For mothers all questions about the state of the world ultimately boil down to these two: When will the war begin? Will my son have to go? American mothers of a generation or two may be forgiven for letting those sleeping dogs lie. With the exception of a 41-day Gulf War and peacekeeping missions to Bosnia, the nearest most come to international conflict is deciding on Thai or Chinese carryout. We gave our boys plastic building sets instead of army men, and water-soakers instead of toy guns. We taught them to play Risk if they wanted a taste of combat.
Most Americans were wondering what we needed the rest of the world for, anyway. We have the Eiffel Tower in Las Vegas, London Bridge in Arizona, Olive Gardens on every corner. If the NBA wants to buy Yao Ming, it's automatic that he won't be Shanghai's hometown wonder for long.
Our idyll ended last September in the worst attack on U.S. soil since Pearl Harbor. Reports on reinstating the draft circulate. Anxiety goes beyond what foreign soil may be calling our sons' names. Combat zones in this new warscape can be airports or post offices. Weapons erupt from the utensil drawer or the heel of a shoe. When it comes to battling terrorism, we are all a soldier's mother now.
The United States went to war against those who knifed our financial and military might that awful autumn day. The grim news is they are likely to strike again. So a summer season of travel begins with the world at an eerie tilt.
U.S. Special Forces are at this moment scaling ancient mountains nine time zones away from Manhattan. Terrorists and clergy holed up together in Bethlehem Square, where the modern clock began ticking 2,000 years ago, threaten to suck the whole Middle East, and us with them, into a vortex of conflict. Having survived Cold War standoff, the world could go nuclear over a remote highland border in Kashmir. U.S. airpower in the 21st century stands unrivaled, yet the Pentagon contemplates a ground war against Iraq requiring 250,000 foot soldiers.
With so much mischief loose in the world, it's the right time to remember why America goes to war. Ronald Reagan liked to say that even complex battles should be driven by a simple purpose: "The great civilized ideas, individual liberty, representative government and the rule of law under God.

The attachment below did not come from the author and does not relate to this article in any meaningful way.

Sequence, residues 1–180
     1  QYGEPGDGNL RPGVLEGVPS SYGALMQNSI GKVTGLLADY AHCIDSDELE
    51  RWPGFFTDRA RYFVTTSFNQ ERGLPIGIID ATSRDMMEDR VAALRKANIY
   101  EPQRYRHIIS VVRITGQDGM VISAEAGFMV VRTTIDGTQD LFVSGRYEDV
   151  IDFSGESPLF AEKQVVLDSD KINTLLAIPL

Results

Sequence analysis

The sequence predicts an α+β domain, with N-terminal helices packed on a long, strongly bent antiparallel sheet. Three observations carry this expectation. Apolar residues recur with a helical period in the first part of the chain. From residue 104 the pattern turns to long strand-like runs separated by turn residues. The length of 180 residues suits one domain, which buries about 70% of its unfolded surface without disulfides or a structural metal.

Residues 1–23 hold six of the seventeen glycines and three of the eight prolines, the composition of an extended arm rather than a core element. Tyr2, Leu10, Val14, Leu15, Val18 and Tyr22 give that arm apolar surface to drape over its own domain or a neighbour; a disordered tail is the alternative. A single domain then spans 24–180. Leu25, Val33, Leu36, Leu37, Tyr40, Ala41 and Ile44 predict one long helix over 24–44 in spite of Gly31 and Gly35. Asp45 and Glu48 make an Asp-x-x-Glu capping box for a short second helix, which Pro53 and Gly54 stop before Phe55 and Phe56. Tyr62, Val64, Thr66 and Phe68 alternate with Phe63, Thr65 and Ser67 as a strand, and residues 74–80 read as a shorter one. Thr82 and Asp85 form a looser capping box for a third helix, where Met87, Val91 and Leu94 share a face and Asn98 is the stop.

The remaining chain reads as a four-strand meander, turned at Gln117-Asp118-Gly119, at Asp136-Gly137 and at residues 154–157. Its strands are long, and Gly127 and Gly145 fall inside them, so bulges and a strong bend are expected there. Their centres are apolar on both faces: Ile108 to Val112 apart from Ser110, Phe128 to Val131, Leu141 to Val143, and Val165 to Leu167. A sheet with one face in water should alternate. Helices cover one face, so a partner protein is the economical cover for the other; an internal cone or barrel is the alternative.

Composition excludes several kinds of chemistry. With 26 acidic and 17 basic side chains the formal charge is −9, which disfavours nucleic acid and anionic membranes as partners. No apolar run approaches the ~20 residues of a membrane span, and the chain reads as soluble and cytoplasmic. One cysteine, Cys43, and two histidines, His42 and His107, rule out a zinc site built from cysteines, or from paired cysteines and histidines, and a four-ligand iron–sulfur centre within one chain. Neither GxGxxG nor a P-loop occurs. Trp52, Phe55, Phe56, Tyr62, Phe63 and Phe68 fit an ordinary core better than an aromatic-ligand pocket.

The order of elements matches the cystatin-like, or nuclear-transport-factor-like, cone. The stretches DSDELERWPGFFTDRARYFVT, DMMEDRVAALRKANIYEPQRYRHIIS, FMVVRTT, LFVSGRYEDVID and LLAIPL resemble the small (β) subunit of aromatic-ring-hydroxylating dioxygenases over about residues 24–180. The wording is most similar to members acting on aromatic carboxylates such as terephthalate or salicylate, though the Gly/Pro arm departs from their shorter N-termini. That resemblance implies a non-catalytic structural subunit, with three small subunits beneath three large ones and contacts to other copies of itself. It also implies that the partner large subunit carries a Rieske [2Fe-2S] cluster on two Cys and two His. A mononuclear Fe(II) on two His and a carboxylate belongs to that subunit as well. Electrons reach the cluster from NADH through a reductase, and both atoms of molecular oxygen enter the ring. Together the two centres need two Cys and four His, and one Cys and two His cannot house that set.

Those aren't abstract virtues, Mr. Reagan said, but "[they] have done so much to ease the plight of man and the hardships of our imperfect world."
Liberals regarded Mr. Reagan as a warmongering president, but he once said he believed "war is probably man's greatest stupidity and I think peace is the dream that lives in the heart of everyone."
Which is why, in time of war, sons of peace shine especially bright. I've met two in travels since Sept. 11: Ronald Gold, an ophthalmologist who lives in Palestine, Texas; and Mark Napier, a London banker. Dr. Gold is a volunteer in the war on terrorism; Mr. Napier was drafted.
Earlier this spring Dr. Gold returned from a peacetime tour of duty in northern Iraq. In four days he and a team of private volunteer health workers performed more than 90 cataract-removal procedures. He works in a region where Iraqis oppose the Saddam Hussein regime, so they live under both UN embargo and Baghdad's threats. Under those circumstances, preventable blindness is hard to prevent without outside help. Dr. Gold estimates he has performed a total of 500 eye surgeries in three separate trips to the region-including repairing eye damage from landmine explosions.
On his first trip in 1995, he followed U.S. Marines sent in to rout Iraqi troops who tried to wipe out the opposition. Every window in the northern Iraqi city of Dohuk was blown out. Hospitals were running on diesel generators, and health workers did manual resuscitation when blackouts caused breathing machines to fail. Twice he has been turned back at the border, but this is his idea of a profitable vacation, and so he is planning to go back soon.
Mr. Napier, an Anglican evangelical, traveled to the Middle East earlier this year to hear Muslims and Christians talk about terrorism and East-West relations. He wanted to see if there was anything Western Christians and Eastern Muslims had to say to each other after the events of Sept. 11. His interest in the subject began that Tuesday morning, he said, because his brother, an insurance broker, was killed in the World Trade Center. Israeli forces had Yasser Arafat under house arrest in the West Bank at the time of the symposiums he attended, and many of the Middle East religious leaders were ready to defend terrorism as a justified response to U.S. support for Israel.
"My view is that every innocent life lost is one life too many," he told an agitated group in Beirut, which included a representative from the terrorist group Hezbollah. "We must all get our houses in order." In Damascus when it was his turn he asked a similar gathering, "How can I reconcile a message of peace and tolerance, which I am hearing from everyone here today, with what we know about countries in the Muslim world that do not support religious tolerance ... countries which provide active financial assistance to extreme Islamists around the world?" The Muslim and Christian leaders said little publicly to help him. But a Syrian television station afterward found itself compelled to devote an hour to telling Mr. Napier's story, so surprised were producers to find a victim of terrorism who would willingly show up in a terrorist-sponsoring state.
And so the big stage is where the watching world will always focus. But everyone knows that wars end and peace begins where sons (and daughters) hit the trenches not only to fight but to soften hardship, turn a cheek, and spread good news.